Son of William and Cora Kerr Menzie; born September 20, 1883, Troy Township, Whitley County, Ind. Carpenter. Served on Mexican Border in 1916. Enlisted in U.S. Regular Army March 28, 1917, Ft. Wayne, Ind. Sent to Ft. Thomas, Ky. Overseas in May, 1918; assigned to Company C, 47th Infantry, 4th Division. Killed in action August 10, 1918, near St. Thibaut, France. The Menzie-Reece Post of the American Legion, Pierceton, Ind., is named in his honor.
Gold Star Honor Roll: A Record of Indiana Men and Women Who Died in The Service of the United States and The Allied Nations in The World War 1914-1918 (Indianapolis: Indiana Historical Commission, 1921) Page 719. Contributed by Meredith Thompson.
Columbia City Post ~ Wednesday, August 28, 1918
Harlow Menzie, son of Mr. and Mrs. William Menzie, of Troy township, was killed in action in France on August 4th, according to a telegram received by the young man’s father from the War Department late Friday afternoon. No details were given, other than those contained in the usual message of that sort. He was a member of the 47th Infantry, U. S. Regular army.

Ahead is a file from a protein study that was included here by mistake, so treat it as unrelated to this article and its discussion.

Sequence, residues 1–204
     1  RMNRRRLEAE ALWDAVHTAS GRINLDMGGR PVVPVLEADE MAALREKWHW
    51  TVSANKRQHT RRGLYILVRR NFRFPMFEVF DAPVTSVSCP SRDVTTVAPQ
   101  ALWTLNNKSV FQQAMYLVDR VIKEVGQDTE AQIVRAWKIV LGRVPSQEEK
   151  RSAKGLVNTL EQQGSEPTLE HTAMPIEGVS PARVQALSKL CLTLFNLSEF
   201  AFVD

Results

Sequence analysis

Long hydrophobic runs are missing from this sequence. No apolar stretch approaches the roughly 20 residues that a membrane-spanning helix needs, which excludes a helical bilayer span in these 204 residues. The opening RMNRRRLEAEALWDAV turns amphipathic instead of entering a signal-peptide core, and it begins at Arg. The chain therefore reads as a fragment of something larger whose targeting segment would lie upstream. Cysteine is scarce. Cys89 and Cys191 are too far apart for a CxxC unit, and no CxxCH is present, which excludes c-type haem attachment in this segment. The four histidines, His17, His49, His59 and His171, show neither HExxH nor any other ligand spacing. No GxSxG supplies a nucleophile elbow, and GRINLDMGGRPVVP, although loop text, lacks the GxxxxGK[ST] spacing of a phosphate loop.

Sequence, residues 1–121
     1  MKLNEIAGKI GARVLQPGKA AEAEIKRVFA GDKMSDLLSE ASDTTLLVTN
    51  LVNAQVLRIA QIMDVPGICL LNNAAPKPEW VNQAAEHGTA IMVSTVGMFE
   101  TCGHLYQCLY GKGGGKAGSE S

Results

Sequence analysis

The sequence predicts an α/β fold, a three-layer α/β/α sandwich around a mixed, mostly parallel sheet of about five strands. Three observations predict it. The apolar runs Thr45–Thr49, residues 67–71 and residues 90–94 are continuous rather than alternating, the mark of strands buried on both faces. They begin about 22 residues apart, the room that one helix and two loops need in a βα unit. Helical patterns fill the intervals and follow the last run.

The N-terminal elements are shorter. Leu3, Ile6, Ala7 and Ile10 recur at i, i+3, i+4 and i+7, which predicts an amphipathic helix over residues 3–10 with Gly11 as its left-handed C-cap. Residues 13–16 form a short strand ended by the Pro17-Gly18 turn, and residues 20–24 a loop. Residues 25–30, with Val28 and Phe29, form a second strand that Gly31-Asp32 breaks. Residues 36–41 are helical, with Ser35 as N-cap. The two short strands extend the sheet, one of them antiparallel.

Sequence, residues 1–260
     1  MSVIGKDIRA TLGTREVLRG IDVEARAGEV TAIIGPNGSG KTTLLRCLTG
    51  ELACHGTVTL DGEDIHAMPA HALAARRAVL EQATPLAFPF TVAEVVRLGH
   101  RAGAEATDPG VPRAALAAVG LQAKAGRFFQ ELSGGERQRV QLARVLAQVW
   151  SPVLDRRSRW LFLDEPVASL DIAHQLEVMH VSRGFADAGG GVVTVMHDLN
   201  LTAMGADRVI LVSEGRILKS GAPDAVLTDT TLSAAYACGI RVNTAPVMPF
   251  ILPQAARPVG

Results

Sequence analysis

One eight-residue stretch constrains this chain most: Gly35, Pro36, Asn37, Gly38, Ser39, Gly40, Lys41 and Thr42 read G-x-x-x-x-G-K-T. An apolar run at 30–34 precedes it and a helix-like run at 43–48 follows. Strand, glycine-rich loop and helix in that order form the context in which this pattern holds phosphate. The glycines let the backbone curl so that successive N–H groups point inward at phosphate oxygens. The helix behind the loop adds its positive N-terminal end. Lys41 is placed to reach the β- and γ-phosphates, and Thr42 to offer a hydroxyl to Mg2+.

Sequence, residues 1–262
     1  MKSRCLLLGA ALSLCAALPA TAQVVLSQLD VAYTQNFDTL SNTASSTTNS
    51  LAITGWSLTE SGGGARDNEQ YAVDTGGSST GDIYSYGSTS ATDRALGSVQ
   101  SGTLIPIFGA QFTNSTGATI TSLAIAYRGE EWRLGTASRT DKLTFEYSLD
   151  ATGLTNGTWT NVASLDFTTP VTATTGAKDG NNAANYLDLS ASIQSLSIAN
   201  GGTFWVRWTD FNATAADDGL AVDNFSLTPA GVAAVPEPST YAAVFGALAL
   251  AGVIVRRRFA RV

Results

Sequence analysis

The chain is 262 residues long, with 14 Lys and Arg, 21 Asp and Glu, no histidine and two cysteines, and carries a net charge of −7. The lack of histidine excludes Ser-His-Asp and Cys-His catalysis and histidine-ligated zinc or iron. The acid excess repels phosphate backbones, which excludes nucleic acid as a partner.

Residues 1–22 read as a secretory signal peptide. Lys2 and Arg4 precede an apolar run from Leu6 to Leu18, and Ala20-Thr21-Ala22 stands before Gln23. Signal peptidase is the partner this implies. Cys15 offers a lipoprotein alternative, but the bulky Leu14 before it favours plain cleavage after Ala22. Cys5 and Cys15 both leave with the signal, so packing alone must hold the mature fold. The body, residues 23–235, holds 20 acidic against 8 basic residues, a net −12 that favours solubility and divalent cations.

The deceased enlisted in the regular army in July, 1916, at the time of the threatened trouble with Mexico, when the American troops were sent to the border. He was still in the army when war was declared against Germany, but his regiment was not sent overseas until the latter part of May, this year. His relatives heard from him regularly, but he did not give much information concerning his movements in France.
Besides his parents, there are four brothers, John, Max and Bert, at home, and Jess, of Iowa, and one sister, Mrs. Levi Barney, north of Larwill. Had he lived until Sept. 21st, he would have been thirty-five years old.
The death of this young man just impresses on the people of this community more emphatically the fact that the nation is in war and that hundreds of thousands of American soldiers are standing side by side with our allies, stemming the efforts of a heartless and ambitious war lord who is driving his subjects to their death in the hope that he might gain world power and world dominion. Fearful as the price is, it is what must be expected from war and the sympathy of all goes out to those whose hearts are torn by the losses and sacrifices which are being sustained by their own flesh and blood.
Harlow Menzie was a fine young man and his friends and relatives sincerely mourn his death and his memory will be cherished along with the others who are giving their lives on the battle fields of France.